The present study has several limitations. First, it did not include CS or dual smokers. This limits the ability of this study to compare the inflammatory and clinical parameters between these groups, which are relatively more common. Second, self-reported outcomes rely on the self-recall abilities of patients, which may have significantly introduced bias and affected the results. Third, only one inflammatory marker was used in our study because of lack of funds, and it may be recommended for future studies to use multiple markers from different domains of the inflammatory cascade to better understand this relationship. Furthermore, no additional diagnostic tools such as radiographs or clinical photographs were used, which could have improved the accuracy of the clinical measurements. Finally, inability to perform formal assessment of interaction terms or adjust for residual confounding that may have resulted from non-controlled adjustments may have influenced the study results. Convenience sampling method adopted in this study limits the generalizability of the study findings to other populations.

Future longitudinal studies among CS and ENDS users with and without periodontitis may help document the inflammatory responses to ultrasonic scaling. In view of the findings of this study, although gingiva responded similarly between ENDS users and NS, it is prudent to conclude that nicotine intake in any form should be strongly discouraged, especially in the younger population.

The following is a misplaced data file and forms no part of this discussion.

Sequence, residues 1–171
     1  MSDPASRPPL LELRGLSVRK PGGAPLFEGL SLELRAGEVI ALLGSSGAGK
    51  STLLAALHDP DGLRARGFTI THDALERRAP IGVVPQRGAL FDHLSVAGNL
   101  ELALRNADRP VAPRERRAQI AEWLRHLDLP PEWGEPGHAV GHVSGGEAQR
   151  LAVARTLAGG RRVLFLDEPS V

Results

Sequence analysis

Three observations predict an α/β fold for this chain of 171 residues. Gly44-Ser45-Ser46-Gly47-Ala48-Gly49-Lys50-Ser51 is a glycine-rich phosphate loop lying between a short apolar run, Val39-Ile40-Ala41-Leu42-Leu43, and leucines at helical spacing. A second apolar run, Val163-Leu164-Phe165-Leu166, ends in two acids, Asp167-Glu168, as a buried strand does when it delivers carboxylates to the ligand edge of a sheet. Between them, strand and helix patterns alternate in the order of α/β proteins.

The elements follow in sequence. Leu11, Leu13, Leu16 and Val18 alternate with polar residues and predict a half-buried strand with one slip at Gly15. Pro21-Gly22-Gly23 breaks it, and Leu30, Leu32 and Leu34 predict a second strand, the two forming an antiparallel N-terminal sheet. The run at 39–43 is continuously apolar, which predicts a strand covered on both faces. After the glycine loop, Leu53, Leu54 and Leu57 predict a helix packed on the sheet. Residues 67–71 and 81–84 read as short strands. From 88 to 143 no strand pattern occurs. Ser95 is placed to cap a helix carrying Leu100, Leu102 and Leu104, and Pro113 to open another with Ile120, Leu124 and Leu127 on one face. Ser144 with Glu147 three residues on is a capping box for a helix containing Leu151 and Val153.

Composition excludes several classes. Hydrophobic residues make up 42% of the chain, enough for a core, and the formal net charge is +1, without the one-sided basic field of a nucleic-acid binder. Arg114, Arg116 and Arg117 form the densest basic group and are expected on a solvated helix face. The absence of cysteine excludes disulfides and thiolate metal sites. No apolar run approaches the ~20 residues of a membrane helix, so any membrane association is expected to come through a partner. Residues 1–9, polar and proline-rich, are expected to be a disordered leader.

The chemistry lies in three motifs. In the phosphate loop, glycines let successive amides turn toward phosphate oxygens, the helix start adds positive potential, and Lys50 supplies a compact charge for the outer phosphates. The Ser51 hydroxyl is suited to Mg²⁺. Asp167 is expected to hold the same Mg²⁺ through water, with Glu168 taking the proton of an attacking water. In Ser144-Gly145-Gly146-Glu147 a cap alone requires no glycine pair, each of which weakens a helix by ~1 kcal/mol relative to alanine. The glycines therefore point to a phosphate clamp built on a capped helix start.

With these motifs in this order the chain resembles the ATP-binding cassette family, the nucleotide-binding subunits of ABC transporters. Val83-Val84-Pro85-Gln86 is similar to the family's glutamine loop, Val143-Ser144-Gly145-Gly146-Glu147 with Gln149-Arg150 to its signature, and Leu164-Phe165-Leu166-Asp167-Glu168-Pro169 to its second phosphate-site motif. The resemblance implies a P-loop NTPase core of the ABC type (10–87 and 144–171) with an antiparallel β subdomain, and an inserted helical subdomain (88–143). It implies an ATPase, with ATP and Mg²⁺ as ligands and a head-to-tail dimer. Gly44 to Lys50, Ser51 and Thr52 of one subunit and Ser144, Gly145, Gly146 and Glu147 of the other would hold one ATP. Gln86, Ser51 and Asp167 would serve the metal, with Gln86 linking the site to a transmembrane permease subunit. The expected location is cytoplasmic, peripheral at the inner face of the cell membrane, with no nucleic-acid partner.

This study concluded that there is no significant difference in the changes in the level of IL-1β at baseline and 3-weeks of follow-up between the two groups. In addition, the clinical periodontal parameters among ENDS users and NS were similar at the end of the study period. In both ENDS users and NS with gingivitis, GCF IL-1β levels were significantly higher at baseline (p<0.05) than at T1 and T2; however, the difference was not significant between ENDS users and NS at each time interval. In addition, at T1, the plaque index was significantly lower in the NS than in the ENDS users.